|Birth: ||Apr. 1, 1840|
|Death: ||Feb. 14, 1901|
George was a veteran of the Civil War and was a resident of Scottsdale, Illinois, when he enlisted as a Sergeant on 25 May 1861. He mustered in Co D 14th Illinois Infantry on the same day as his enlistment. He was promoted to Full 2nd Lieutenant on 5 Oct 1862 and to Full 1st Lieutenant on 19 Aug 1863. George was discharged on 26 Feb 1864 at Hebron, Mississippi.
At the time of his enlistment, he was a farmer, but after his discharge he became an itinerant minister for the Methodist Episcopal Church.
Thurs Feb. 21, 1901
OBITUARY - - Rev. George W. Bates was born in Dark [sic] county, Ohio, April 1st, 1840, and departed this life from his home in Malvern, Iowa, Feb. 14th, 1901.
On the 9th day of June, 1870, he was united in marriage with Emily H. Best, who devotedly shared with him over thirty years of his thirty four years spent in the itinerant ministry of the Methodist Episcopal Church.
The last charge served by Brother Bates was Pittsfield, Ill.; this charge he was compelled to surrender on the first Sunday of April 1900.
He spent three years in the active service during the Civil War. He went out as a private, but later received the commission of First Lieutenant for meritorious services. He was held in highest esteem by his comrades.
His old Colonel at one time remarked in the presence of a large company of Methodist Preachers, "Here is a man whose Adjutant always sought to be near him while in battle for he was too good a man for the bullets to hit." His old Chaplain stated the same fact at a table where a number of preachers were at dinner. So general was this motion that it was a proverbial saying among the soldiers.
He was converted when about sixteen years of age. His was a sunny winning manner, his faithfulness and loyalty to the church of his choice, justly occasioned his being held in high esteem by the churches he served, while at the same time his passionate love for souls marked him as an earnest man, ardently devoted to every influence which made for righteousness, and has left behind him many a pleasing memory. One of his old presiding Elders wrote him not long ago; in this letter he said, "I thank God that I have ever known you; your even tempered Christian character, glorious sermons and steady friendship have deeply impressed my life."
I asked Brother Bates at the time of our last quarterly love feast if he had any message for us, he not being able to attend. He said tell them "I have found every promise true. If I had my life to live over I would be a Methodist preacher, and try to do more for the Master. I had rather be a poor Methodist preacher than to be a king."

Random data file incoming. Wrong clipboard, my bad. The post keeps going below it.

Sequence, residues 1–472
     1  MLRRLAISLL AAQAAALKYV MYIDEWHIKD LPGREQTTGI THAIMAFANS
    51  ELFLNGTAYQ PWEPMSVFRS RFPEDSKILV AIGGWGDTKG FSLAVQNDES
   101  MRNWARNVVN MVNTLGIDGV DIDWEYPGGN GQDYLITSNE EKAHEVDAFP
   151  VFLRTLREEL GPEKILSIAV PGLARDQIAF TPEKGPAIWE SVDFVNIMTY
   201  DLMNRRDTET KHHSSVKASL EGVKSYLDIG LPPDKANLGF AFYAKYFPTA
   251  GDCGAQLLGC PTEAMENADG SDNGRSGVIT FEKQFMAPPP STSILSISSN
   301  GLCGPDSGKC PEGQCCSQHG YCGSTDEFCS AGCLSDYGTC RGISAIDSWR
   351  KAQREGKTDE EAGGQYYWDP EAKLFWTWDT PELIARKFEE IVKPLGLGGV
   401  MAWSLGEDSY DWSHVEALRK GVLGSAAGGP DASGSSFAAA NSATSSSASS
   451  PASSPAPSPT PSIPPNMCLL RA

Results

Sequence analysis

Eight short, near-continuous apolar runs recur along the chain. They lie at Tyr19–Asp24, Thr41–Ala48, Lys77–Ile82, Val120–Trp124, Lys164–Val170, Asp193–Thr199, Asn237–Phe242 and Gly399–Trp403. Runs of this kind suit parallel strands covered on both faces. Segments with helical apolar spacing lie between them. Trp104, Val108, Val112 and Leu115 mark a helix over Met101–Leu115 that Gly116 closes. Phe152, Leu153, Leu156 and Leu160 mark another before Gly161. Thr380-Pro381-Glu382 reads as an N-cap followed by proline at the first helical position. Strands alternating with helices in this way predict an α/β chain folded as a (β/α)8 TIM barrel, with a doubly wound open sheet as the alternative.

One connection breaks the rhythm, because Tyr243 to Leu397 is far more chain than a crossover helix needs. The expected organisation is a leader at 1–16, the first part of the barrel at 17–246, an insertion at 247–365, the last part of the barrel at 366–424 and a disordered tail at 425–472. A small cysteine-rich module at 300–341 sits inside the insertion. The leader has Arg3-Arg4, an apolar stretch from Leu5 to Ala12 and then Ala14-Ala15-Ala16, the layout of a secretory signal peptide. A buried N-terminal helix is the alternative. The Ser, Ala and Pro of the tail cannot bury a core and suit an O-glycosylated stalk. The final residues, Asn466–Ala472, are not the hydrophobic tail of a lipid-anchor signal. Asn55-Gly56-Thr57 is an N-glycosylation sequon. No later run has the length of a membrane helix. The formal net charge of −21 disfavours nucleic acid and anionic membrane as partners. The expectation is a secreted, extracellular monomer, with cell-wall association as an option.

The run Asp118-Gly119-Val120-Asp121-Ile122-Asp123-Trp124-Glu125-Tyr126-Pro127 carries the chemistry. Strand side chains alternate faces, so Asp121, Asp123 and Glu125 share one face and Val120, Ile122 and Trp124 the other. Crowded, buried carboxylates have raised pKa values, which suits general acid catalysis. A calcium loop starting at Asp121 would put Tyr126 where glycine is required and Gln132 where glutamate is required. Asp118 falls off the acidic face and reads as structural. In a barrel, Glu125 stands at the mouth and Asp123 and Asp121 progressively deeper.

During his sickness he suffered greatly, at times his mind was clouded, but again clear and bright, during these moments, as was so characteristic of him, he manifested unwonted interest in his family, his friends and the church he so dearly loved. During these times he would give expression to words life the following: "The morning dawns, the night shadows go. All is well, all is well." Addressing his son he said, "Good bye George, be a faithful good man, faithful to God, faithful to your poor mother. I go with no regrets, I cannot get well. I go with the love of God in my heart and with the peace of God in my soul."
His end was peaceful and seemingly painless, quietly closing his eyes to things of earth he entered into rest.
His face redolent with sunshine and cheer, will be missed at the annual roll call of his conference, but they who knew him best are sure that he is "present with the Lord."
He rests from his toils and his works follow with him. Thus there has passed from us one who was pure and gentle, whose life as we knew it, was the expression of the mind of Christ to men.
A good man, a good husband and a good father has gone.
"Another hand is beckoning,
Another call is given,
And glows once more with angel steps,
The path that reaches heaven.
We miss him from the place of prayer,
And by the hearth fire light,
We pause beside his door once more,
To hear his sweet "Good night."
Alone unto Our Father's will,
One thought has reconciled,
That he whose love excelleth ours,
Has taken home his child."
The family desire to express their gratitude and thanks for the many kindness of friends during their recent bereavement.
- - -
George and his wife came to Malvern in 1900 to be near their daughter, Mrs. Frank Bridges. George hoped that rest and a change might benefit his health but he died at his home in Malvern from heart trouble in 1901. He died at the age of 60 years 10 months.
Created by: kweaver
Record added: Jul 18, 2012
Find A Grave Memorial# 93781859
1st Lieutenant Co D 14th Illinois Infantry. Remember those who served.|
Added: Jul. 18, 2012